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Leiber and Stoller meet Elvis

Sun Apr 03, 2005 3:05 pm

I was reading some Leiber and Stoller interviews where they once again recounted that initial meeting with Elvis and the excellent recording sessions that followed. Reading the history it struck me that it never has been explained why L&S were granted an access to Elvis. Ernst in his book says it was Jean Aberbach's suggestion but there is no suggestion as to why. Granted, it was an inspired decision. Elvis and L&S were kindred spirits and ideas started pouring out on both ends almost as soon as they hooked up. In addition to the work on the "Jailhouse Rock" sessions, both "Don't" and "Santa Claus is Back in Town" were born from the singer's interaction with the writers.

However, as we all know Elvis' management team could give a rat's behind about music. We also know that in general they liked to keep Elvis away from first hand interaction with songwriters. Not only did they want to keep him sheltered from the real business but they also didn't want Elvis to commit to any songs before they acquired the publishing rights.

To make the meeting even stranger, unlike Doc Pomus who never got to meet Elvis and who in 1957 was already a huge Elvis fan, Leiber and Stoller were not anxious at all to meet Elvis. It was only after working with him that they came to appreciate Elvis and his work. (And it's not a lukewarm appreciation. Leiber called Elvis rock's ultimate ballad singer.)

According to Mike Stoller, he and Leiber penned the "Jailhouse Rock" score in New York before production of the movie started. There was no practical reason for them to be at the sessions at least in the eyes of the Presley organization.

It seems strange given the blowups that accompanied "Don't" and the "Walk on the Wild Side" idea, that the management team would bring in L&S to colloborate with Elvis and then get upset when they actually do it.

Maybe it was Elvis' suggestion. He was certainly feeling his oats at this time. This was when he walked out of a session when MGM told him to cut his gospel warmups. Commanding an audience with his two top writers would not seem out of the picture. However, at this time Elvis had recorded only a handful of L&S's songs and he practically rewrote the biggest of these hits. Maybe Jean Aberbach simply wasn't thinking.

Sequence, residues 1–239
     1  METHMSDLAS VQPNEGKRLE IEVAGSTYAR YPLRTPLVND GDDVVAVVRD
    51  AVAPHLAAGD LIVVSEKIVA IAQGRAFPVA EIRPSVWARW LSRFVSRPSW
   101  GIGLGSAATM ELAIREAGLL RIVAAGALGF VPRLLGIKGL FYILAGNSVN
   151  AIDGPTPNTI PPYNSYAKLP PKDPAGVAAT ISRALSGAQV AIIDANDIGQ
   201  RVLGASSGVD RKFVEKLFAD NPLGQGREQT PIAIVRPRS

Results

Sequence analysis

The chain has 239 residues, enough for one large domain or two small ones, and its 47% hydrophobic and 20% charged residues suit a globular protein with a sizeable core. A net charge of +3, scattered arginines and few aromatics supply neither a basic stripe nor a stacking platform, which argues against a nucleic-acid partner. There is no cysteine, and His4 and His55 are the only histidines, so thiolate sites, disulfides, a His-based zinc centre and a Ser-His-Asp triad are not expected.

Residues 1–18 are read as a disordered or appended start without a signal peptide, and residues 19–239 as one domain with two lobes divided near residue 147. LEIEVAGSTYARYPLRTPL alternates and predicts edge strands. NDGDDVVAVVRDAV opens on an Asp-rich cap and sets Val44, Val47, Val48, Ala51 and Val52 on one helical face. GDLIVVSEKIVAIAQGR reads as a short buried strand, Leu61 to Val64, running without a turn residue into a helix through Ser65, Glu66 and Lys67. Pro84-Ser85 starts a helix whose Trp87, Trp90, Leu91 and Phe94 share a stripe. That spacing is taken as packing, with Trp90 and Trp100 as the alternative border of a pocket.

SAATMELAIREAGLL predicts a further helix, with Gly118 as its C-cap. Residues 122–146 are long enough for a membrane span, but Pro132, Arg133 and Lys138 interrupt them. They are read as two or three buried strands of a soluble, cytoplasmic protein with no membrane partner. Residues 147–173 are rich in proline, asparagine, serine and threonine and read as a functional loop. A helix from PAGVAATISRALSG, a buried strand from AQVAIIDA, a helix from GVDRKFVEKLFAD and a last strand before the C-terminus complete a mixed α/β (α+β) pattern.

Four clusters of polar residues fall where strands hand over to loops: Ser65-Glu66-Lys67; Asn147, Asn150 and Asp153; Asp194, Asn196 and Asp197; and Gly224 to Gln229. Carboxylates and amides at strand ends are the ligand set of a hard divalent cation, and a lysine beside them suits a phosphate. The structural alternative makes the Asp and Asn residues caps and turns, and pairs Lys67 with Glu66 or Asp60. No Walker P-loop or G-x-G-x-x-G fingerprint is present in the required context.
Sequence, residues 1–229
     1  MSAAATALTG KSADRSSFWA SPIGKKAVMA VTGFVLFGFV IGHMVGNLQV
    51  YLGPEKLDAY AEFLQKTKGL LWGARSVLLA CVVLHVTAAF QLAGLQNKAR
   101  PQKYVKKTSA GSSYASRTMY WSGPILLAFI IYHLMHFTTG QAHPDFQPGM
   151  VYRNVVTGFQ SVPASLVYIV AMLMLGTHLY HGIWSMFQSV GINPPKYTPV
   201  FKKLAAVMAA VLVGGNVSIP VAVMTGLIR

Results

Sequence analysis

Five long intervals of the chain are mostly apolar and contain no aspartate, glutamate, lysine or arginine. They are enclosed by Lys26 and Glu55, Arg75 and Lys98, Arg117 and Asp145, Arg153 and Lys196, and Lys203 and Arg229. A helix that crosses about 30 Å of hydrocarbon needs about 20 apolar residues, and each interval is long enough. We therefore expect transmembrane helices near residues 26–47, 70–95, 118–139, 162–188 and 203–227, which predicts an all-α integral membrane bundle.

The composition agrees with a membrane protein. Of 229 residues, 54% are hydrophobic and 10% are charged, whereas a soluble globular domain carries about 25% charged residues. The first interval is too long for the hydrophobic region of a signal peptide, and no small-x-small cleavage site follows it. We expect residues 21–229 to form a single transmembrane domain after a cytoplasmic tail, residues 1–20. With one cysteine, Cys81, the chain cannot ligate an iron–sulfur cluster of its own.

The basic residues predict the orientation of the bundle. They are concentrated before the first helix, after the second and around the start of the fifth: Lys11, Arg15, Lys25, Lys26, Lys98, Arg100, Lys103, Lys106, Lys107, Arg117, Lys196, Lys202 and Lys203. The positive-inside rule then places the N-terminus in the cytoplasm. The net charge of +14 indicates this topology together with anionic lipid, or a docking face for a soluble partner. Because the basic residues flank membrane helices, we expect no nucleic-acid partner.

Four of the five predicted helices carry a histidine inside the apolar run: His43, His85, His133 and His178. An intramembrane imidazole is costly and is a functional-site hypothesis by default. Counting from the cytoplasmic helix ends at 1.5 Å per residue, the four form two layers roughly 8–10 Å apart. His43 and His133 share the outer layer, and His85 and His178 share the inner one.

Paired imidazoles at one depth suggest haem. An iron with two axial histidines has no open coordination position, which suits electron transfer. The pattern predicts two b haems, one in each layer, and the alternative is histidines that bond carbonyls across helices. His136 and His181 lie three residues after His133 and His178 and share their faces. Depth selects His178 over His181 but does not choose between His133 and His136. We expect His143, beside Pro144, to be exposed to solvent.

Sadly, this is again one of the areas where Elvis' management team was hopelessly shortsighted. The Elvis-L&S team was on the verge of God knows what sort of breaktroughs when the Col. and his flunkies cut it down. "We could have made f*ing history," Leiber told Peter Guralnick. "And those a**holes only wanted to make another nickel the same way."

It also demonstrates the way the management team protected itself and was generally unconcerned with Elvis' best interests. Elvis truly loved meeting songwriters. It invigorated he was a natural collaborator. He would have benefitted by being around songwriters all the time. It could have a been direct line of hits and personal expression. Great songs like "Don't" could have blossomed just from the give and take.

If you read the interviews with Robertson, L&S you find that Elvis was very interested in songs and what they had to say and very interested in discussing it. By keeping Elvis so isolated he seldom got the chance. The notable exception is those glorious few weeks in 1957.

Sun Apr 03, 2005 3:12 pm

I think it was Elvis' suggestion. I don't know if that relates to the first time they met or another, but I'm sure I've read that Elvis insisted they come to the studio.